Posted Friday, Dec. 16, 2011, at 1:52 PM
Megan McArdle quite wisely says that it would make much more sense for people concerned about the supply-side impact of high marginal tax rates to focus on poor people than on high-income people. "Everyone I've spoken to about the problem seems to agree," she writes "that the poor respond to these high marginal tax rates by either taking lower-paying jobs than they could, or working less--not in every individual case, but in aggregate."
That's my understanding as well. You can understand it qualitatively by the fact that poor people are often faced with tradeoffs where they could earn higher wages by accepting less pleasant work or weird hours or long commutes. What's more, the kind of jobs where you can increase your income by simply choosing to work more hours are generally low-status. That's not a universal rule. Journalists can choose to freelance more or less. But you're mostly talking about, say, waitresses. And poor people face very high marginal tax rates:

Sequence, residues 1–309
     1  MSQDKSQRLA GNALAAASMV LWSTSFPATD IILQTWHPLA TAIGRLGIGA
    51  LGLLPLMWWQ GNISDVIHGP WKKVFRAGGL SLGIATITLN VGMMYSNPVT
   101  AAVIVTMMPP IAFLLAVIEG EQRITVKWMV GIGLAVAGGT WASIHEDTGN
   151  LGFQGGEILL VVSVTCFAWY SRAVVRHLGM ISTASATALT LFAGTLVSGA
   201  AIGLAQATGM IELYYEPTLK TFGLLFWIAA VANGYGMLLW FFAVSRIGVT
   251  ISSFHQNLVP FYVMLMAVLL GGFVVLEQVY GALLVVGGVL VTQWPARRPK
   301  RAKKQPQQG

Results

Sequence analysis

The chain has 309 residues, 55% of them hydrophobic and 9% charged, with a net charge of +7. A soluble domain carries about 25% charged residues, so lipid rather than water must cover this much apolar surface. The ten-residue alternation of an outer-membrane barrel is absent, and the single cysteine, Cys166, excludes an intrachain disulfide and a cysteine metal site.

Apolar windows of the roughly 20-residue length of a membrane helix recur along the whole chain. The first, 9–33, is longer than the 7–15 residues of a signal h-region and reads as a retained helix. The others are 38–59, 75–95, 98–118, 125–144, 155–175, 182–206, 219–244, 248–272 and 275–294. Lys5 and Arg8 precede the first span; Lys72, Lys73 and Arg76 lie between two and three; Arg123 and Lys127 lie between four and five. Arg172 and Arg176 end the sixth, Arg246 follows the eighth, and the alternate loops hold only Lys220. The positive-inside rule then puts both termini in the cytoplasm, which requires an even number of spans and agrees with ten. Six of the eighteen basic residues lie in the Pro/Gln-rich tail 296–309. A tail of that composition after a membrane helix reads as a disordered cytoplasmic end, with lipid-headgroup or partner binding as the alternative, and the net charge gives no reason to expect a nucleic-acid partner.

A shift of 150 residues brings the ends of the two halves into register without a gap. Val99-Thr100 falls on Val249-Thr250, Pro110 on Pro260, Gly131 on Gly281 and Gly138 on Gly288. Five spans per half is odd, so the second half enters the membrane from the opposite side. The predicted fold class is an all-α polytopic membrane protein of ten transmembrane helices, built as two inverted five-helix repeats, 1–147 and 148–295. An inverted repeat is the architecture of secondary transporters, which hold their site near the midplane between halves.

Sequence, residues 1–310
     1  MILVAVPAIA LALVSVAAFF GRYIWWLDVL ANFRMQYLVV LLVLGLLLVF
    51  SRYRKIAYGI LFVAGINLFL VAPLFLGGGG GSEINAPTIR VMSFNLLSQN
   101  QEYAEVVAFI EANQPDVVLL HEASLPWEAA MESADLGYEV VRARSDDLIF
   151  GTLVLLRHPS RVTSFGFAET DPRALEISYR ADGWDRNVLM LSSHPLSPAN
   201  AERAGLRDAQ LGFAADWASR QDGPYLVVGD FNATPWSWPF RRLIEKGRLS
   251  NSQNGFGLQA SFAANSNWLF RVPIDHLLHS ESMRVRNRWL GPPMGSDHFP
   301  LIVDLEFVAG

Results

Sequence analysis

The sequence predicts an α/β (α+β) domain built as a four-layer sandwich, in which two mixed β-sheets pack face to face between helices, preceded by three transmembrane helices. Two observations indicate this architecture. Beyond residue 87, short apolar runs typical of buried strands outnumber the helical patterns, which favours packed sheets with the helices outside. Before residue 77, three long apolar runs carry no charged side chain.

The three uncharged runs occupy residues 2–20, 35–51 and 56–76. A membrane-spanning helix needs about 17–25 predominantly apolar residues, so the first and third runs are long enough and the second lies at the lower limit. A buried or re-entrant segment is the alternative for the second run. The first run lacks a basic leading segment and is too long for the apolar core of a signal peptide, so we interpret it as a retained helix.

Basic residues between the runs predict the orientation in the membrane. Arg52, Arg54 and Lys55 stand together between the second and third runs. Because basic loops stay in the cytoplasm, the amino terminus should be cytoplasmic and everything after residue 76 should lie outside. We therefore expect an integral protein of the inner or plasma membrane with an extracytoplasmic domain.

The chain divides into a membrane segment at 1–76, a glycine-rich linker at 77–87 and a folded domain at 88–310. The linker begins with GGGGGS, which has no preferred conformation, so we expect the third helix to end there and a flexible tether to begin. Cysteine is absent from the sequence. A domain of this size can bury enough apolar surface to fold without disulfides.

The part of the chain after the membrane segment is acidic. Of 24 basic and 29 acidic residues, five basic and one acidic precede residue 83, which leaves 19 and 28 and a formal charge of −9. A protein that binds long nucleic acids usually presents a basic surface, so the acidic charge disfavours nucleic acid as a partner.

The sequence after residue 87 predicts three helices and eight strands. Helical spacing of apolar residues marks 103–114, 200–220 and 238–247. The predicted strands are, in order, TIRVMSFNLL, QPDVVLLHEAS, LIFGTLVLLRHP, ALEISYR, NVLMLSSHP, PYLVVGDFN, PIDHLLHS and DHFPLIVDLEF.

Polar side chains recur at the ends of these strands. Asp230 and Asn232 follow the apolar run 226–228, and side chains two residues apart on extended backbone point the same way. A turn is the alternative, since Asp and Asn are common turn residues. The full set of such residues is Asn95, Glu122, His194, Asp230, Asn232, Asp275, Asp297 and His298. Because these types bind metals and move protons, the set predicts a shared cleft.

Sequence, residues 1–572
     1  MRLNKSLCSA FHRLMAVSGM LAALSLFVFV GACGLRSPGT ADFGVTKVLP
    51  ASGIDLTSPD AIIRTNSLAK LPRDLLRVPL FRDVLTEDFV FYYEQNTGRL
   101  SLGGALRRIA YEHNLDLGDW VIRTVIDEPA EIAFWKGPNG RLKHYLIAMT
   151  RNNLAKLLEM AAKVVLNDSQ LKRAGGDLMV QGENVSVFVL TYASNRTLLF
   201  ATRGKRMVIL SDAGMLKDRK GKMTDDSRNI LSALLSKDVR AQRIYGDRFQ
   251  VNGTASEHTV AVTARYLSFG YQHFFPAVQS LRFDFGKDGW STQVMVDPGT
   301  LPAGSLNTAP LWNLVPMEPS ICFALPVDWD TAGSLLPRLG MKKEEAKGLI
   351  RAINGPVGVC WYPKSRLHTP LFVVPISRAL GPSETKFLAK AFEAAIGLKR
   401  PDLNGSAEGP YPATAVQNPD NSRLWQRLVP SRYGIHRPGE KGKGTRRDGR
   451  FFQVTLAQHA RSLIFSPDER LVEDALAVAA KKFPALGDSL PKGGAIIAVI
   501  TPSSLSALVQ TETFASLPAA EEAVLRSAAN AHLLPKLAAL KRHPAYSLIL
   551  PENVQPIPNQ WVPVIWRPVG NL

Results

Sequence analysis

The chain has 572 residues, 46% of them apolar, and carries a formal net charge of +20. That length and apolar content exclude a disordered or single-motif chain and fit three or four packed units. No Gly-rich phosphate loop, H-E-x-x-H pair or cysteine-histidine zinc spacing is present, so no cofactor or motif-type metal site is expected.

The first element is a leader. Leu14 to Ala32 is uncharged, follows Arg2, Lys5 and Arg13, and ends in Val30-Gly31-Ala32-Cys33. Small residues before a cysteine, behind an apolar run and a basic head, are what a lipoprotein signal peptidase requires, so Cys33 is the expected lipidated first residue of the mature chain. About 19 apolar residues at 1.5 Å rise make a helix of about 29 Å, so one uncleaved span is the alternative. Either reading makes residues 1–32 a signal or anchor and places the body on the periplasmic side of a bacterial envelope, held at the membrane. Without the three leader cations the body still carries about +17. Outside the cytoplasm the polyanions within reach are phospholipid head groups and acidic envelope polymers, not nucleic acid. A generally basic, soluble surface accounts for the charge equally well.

I do think it's worth emphasizing that the conjunction of the fact that low-income people are unusually response to marginal tax rates and that at some portions of the spectrum young people face infinite effective marginal tax rates tells us that conservatives are generally blowing the behavioral impact of taxes out of proportion. But this is very much where the emphasis out to be. The biggest culprit, as I understand it, is the way that Medicaid benefits phase out. In a normal country, everyone would pay somewhat higher taxes and would receive a more-or-less flat health care benefits package in exchange and this issue would be largely ameliorated.